About this site
Most building types can be readily researched in books and magazines.
Because of the large worldwide production and very dynamic nature of housing
construction, however, it is very difficult to track new developments in
housing design. Books quickly obsolesce and few libraries have the resources
to even subscribe to the range of periodicals necessary to track new
developments. The advantage of web-based material is that it offers a dynamic
database accessible by anyone with a computer. It can be periodically
revised and thus allows the researcher to continually update their knowledge
about a particular subject. HousingPrototypes.org was conceived to fill the
need for a dynamic, interactive database about housing. It provides the
research instrument to monitor research about historic and new developments
in the field of international multi-family housing. The current phase of
construction provides data on an international selection of both new and old
housing projects of the past century or so. New case studies will be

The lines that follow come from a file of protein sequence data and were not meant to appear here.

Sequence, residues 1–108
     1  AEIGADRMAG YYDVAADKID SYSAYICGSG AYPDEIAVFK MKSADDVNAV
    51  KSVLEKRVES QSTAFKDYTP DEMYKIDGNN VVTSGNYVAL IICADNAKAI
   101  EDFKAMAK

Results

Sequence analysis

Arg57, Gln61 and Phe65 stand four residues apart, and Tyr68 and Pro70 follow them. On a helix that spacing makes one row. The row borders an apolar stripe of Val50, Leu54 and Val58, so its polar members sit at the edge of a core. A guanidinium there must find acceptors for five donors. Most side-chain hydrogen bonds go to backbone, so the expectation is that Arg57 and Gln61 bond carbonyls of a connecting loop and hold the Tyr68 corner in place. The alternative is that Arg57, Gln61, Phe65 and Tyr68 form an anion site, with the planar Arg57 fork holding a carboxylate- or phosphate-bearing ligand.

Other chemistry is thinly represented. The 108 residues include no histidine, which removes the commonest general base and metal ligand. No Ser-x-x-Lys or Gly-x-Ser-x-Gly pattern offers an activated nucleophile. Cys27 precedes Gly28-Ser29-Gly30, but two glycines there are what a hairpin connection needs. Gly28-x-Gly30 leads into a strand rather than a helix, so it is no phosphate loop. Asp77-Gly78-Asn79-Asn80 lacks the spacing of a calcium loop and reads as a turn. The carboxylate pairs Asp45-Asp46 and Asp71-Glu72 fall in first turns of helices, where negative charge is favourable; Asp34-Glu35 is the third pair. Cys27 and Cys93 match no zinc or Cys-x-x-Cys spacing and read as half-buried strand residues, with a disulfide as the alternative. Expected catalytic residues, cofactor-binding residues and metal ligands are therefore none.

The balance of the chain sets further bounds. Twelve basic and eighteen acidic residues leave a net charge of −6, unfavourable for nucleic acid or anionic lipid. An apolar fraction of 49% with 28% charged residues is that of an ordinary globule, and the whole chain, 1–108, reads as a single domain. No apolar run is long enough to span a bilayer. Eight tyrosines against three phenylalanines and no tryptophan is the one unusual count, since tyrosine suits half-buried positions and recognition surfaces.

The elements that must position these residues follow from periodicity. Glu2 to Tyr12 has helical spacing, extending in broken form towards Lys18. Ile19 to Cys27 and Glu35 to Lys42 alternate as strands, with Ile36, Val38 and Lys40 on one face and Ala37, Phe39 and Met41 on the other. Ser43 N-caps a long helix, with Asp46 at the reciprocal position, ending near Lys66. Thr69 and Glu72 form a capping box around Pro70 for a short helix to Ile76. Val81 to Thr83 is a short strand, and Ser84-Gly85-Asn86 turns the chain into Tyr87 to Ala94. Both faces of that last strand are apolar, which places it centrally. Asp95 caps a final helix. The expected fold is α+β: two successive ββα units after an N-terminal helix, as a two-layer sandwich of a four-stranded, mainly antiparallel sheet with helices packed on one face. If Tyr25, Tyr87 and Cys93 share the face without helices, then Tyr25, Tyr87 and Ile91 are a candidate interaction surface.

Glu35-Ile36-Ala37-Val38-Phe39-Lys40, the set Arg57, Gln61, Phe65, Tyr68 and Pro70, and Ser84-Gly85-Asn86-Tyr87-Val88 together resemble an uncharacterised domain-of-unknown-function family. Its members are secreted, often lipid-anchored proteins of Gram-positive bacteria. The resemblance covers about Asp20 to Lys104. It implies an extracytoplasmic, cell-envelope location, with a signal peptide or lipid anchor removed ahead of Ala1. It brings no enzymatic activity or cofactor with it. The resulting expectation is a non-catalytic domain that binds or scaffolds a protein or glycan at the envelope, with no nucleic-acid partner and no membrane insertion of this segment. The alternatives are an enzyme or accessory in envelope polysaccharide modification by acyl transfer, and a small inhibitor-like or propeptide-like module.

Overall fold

frequently and continually added. As the site evolves and grows, we expect
to add other features and on-line resources. Links to other housing sites,
research resources and references, new case studies, photo archives,
architect files, country and city historic period files, building and
apartment typology studies, housing construction technology, sample
academic materials—course syllabi and resources--and a Housing Store, are
all planned features. Stay tuned and watch us grow!
HousingPrototypes.org is published free on the Internet as an information
service. Special thanks are due to the University of Southern California program for Urban Initiatives Technology, Society and Space Programming for funding a mini-grant proposal and to the Center For Scholarly Technology of the University of Southern California Information Services Division for all their support in the creation and development of this web site. Skip Eastman offered continual technical support, Robert Doiel did the Zope Programming and Dan Heller designed the web pages.